Two male cat-like Owston's civets born and captive bred in the UK's Newquay Zoo arrived in Vietnam on Lunar New Year's Eve (February 9).
In an e-mailed statement to local media, the Carnivore and Pangolin Conservation Program (CPCP) said that this is an "unexpected result" that it has obtained after almost 20 years.
The program is based in Vietnam's Cuc Phuong National Park.
Six mature civets were sent from the park to the Newquay, Thrigby Hall and Shaldon Wildlife Trust zoos in the UK in 2004 in order to breed the animals in captivity and enhance global awareness of the need to protect them as well as other small carnivores in Vietnam.
It is their offspring that have been sent back to Vietnam now.
"The successful transportation of the Owston's civets from the UK to Vietnam will considerably improve the gene diversity for breeding and raising this precious species at Cuc Phuong," said Tran Quang Phuong, who heads CPCP.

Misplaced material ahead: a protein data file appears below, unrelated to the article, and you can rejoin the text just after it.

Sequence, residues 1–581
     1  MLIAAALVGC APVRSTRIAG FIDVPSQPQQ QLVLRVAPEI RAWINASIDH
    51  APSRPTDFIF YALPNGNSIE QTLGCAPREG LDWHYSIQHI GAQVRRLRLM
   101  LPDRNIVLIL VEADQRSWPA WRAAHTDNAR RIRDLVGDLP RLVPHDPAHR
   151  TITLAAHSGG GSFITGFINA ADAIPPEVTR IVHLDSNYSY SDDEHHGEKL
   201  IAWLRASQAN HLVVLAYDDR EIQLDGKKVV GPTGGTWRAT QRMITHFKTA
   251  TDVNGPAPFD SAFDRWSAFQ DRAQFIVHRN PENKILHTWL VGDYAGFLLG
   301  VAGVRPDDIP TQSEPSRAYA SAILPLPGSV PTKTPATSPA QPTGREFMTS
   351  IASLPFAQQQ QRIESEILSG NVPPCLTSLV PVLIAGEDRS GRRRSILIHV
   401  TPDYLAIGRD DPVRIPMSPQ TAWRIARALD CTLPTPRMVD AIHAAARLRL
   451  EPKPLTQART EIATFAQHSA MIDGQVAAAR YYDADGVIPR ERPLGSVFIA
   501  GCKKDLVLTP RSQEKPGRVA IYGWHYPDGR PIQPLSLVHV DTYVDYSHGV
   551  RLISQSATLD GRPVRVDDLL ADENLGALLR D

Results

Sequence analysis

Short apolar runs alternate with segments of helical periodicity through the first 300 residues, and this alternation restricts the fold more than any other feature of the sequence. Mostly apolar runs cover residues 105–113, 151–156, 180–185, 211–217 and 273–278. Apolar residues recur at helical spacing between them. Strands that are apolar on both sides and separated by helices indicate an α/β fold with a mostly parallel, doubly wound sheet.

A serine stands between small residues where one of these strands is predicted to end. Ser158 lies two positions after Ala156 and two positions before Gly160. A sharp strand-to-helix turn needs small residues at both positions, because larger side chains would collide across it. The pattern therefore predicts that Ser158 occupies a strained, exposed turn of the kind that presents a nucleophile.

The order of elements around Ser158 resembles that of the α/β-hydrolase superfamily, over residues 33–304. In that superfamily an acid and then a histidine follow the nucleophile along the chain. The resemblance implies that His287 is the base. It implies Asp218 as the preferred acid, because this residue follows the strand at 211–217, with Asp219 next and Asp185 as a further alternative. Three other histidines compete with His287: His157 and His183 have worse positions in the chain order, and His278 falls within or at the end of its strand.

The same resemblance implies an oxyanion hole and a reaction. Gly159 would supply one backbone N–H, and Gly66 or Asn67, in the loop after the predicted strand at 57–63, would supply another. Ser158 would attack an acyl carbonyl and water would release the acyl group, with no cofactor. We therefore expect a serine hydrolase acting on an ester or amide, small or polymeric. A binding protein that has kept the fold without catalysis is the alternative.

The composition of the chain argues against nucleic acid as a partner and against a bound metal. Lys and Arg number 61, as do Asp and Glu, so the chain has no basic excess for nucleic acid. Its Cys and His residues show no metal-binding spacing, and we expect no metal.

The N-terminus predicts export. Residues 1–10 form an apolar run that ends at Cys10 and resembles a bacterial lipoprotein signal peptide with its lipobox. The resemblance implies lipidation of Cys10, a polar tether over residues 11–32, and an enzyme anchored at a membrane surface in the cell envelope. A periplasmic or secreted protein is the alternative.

It is also an important move for releasing these mammals into the wild in the future, he added.
Stewart Muir, Newquay Zoo director, told BBC News last week that "international partnerships such as this are helping to save endangered species for future generations."
Owston's civet, also known as Chrotogale owstoni, is an imperiled species found in the forests of Vietnam, Laos and southern China.
The pointed-face carnivores with tawny buff-grey coats and black or brown stripes and spots on them, are hunted for their fur, meat, as well as scent glands, which are used in traditional medicine.
Owston's civets often mate during a short period in spring and each female only gives birth to up to two cubs each time. CPCP is the first in the world to have civets breed successfully.
Carl Lamb, Newquay Zoo's marketing manager, told BBC News that the Owston's civets have disappeared in the wild for more than three years and only 17 are found in captive condition in the world.
BBC quoted the International Union for Conservation of Nature in its news report last week as saying that this species is facing extinction in the next 100 years.
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